Gay Marriage Is The New Normal For My Kids

When my wife picked up our 6-year-old from a recent group play date, the small talk took an unexpected turn.

The rundown of the play date was fairly typical: they traded NFL stickers, played Xbox, used iPads and drank gallons of Capri Sun.

And then...

"Oh, I forgot to tell you," my son said. "We had a wedding."

"Who got married?" My wife asked.

"Wilford and Brimley*."

*In lieu of using real names, I chose the greatest actor from the Cocoon series and the man who inspired me to eat oatmeal and split him into two

"Wilford and Brimley got married?"

"Yep," my son said.

"Where was the wedding?"

"In the basement."

"Who went?"

"It was just me, Wilford and Brimley."

"What were you doing during the wedding?"

"I was the rabbi."

That's right, my son officiated a gay wedding. Clever move being the rabbi because who the hell wants to be in a committed relationship at such a young age?

I'm not sure what kind of vows were exchanged, but he did instruct the groom to kiss the groom.

"I had to step in at that point," Wilford's mom said.

I had lots of questions for my boy:

"How much do we have to spend on a gift?"

"One hundred dollars."

"Eesh. That's a little steep for two 6-year-olds, don't you think?"

"Brimley's almost 7."

"How did you prepare to officiate a wedding?"

"I just know how to do it," he said.

"So you're a rabbi all of a sudden?"

"Just during the wedding."

"How did you know Wilford and Brimley were right for each other?"

"What do you mean?"

"I mean how do you know that they should be married to each other? Mom and I dated for two years and then we were engaged for another year before we got married."

"Dad, they were in the same kindergarten class last year. Also, Wilford traded Brimley a Tennessee Titans Rush Zone sticker for a Minnesota Vikings one."

"Oh."

 

Here's the thing: My son's generation will be the first in America to grow up with the institution of gay marriage as the norm. As the rule, not the exception. As a celebration, not an abomination.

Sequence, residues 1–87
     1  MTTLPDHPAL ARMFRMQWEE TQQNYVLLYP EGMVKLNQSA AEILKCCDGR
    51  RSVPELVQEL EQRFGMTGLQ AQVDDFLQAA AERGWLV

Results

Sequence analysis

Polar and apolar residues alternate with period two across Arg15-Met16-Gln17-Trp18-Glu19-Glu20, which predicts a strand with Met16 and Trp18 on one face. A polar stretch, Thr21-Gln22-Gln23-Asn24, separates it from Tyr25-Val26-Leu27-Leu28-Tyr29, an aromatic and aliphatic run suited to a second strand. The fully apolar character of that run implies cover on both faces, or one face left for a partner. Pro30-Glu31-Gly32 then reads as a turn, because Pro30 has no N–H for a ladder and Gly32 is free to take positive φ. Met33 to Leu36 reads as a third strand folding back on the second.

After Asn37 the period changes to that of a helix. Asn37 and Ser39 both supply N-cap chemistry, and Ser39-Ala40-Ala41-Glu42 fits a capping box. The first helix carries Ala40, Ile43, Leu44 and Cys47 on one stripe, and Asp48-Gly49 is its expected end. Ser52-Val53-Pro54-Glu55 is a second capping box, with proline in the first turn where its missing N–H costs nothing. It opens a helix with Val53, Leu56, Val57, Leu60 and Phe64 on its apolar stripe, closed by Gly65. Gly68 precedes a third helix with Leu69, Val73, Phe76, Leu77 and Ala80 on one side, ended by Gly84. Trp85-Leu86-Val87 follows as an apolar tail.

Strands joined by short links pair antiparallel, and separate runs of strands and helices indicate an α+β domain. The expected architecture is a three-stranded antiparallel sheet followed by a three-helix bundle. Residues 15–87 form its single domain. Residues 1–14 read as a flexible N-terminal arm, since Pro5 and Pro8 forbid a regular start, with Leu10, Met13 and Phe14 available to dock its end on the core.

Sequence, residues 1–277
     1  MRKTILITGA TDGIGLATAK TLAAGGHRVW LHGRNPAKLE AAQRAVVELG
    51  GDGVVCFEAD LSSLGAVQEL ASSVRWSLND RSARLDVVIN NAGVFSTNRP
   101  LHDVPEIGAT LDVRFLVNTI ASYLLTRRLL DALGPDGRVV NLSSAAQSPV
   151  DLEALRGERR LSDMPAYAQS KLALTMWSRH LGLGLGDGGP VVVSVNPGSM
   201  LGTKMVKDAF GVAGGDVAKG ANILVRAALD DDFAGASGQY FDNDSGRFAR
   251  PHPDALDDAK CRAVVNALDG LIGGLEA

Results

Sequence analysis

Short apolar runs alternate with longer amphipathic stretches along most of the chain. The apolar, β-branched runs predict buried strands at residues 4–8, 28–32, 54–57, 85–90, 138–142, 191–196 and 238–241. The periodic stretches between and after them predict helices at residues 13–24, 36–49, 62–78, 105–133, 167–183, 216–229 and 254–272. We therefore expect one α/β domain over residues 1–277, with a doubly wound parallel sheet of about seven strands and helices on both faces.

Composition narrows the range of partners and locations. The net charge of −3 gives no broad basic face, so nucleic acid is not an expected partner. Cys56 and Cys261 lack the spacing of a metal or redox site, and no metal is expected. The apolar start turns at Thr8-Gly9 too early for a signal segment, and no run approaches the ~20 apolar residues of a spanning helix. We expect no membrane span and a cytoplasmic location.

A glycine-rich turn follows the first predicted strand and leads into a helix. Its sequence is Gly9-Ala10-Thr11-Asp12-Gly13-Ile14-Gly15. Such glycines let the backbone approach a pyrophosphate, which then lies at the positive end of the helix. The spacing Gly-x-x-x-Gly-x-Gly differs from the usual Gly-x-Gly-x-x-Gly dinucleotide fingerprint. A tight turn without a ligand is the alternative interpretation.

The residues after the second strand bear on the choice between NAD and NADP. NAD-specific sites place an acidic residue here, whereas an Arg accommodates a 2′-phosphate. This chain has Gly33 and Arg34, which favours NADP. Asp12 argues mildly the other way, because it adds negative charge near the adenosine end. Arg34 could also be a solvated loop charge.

Gay marriage is one of the few social justice issues this country is finally getting right. Over 55% of Americans are in favor of it, and gay marriage is now legal in 38 states with many surprises like Florida, Indiana, Oklahoma, South Carolina and Wyoming. It's in the works in five states and banned in only seven.

It helps that our son began asking questions about marriage and weddings right when gay marriage passed in Illinois. Legal or not, we'd still raise our kids to embrace it, but it's nice to begin conversations with, "So you know how a man can marry a man or a woman can marry a woman in Illinois?"

When I was my son's age, there was no such thing as gay marriage. Gay marriage was not legal in any state or anywhere in the world. When I say no such thing, I mean the idea of a gay wedding or a marriage certificate documenting the union of members of the same sex did not exist. The seeds were hardly being sown. Gay culture occurred in an alternate universe and was kept very segregated from the mainstream.

A play date turned faux-gay wedding never happened among us because the concept was completely foreign. I'm not blaming our parents because as open-minded as they were, they really had no reason to be hopeful. After all, the most progress that occurred in the first decade of my life was the passing of the first domestic partnership law in Berkley, California. Then my second decade was unfortunately bookended with Bill Clinton signing into law the Defense of Marriage Act.

But then The Netherlands became the first country to legalize gay marriage in 2001, and two years later gays could marry in Massachusetts. Now we're at 38, though Alabama is pulling out all the stops to ban marriages that were just unbanned by a federal judge. Oh Alabama.

I mentioned earlier that the post-play date conversation took an unexpected turn because a gay wedding broke out. Sure, it was an unexpected turn to a couple of Gen Xers, and it would be more so to our parents and grandparents. But to my son and Wilford and Brimley, it was a fantasy very much rooted in today's reality, and that's a beautiful thing.

When I talk about gay marriage with my son, there are no awkward questions, just standard inquiries about jewelry.

"Will they go to Jared?"

"Who?"

"Jared, the Galleria of Jewelry."

"How do you know that about that?"

"I see the commercials."

"Of course you do. I don't know if they'll go to Jared."

"Did you go to Jared when you and Mom got married?"

"Hell no. That place is a ripoff."

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    David Telisman

    I am a vitamin D-deficient former Floridian--who, despite the spring...er...extended winter--loves Chicago. I contradicted convention (and common sense) by moving FROM the beach to the Midwest, but Lou Malnati's and any Italian beef sandwich reinforce that I made the right decision. I also got a wife and two sons out of it, and I would do anything for my family, except miss a Miami Hurricanes football game. This is my take on fatherhood. You can contact me at david.telisman@gmail.com. Thank you for reading!

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